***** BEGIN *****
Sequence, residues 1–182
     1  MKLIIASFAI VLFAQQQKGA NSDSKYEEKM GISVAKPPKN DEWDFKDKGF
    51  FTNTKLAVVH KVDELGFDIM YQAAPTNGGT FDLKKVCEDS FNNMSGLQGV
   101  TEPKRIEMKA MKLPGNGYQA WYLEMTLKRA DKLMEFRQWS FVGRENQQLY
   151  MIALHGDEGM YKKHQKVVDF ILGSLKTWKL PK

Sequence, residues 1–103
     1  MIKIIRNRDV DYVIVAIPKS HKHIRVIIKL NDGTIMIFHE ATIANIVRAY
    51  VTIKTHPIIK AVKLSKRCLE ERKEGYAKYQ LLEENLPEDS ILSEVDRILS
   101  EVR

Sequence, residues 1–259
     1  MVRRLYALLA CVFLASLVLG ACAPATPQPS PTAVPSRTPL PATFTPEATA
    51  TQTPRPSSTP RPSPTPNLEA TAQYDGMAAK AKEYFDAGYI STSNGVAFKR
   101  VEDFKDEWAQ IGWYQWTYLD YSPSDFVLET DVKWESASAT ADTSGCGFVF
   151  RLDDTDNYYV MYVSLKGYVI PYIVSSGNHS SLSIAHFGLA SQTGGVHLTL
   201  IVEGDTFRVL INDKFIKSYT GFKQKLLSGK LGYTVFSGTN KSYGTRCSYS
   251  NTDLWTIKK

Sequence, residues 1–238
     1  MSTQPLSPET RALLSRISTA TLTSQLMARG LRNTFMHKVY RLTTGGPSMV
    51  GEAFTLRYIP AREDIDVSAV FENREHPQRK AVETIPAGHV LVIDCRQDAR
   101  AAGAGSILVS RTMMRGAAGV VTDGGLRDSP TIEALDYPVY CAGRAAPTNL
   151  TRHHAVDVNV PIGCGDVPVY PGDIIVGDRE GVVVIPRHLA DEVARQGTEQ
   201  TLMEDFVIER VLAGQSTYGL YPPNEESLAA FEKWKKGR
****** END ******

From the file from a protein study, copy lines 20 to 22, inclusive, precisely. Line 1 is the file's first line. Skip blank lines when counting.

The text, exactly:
   101  AAGAGSILVS RTMMRGAAGV VTDGGLRDSP TIEALDYPVY CAGRAAPTNL
   151  TRHHAVDVNV PIGCGDVPVY PGDIIVGDRE GVVVIPRHLA DEVARQGTEQ
   201  TLMEDFVIER VLAGQSTYGL YPPNEESLAA FEKWKKGR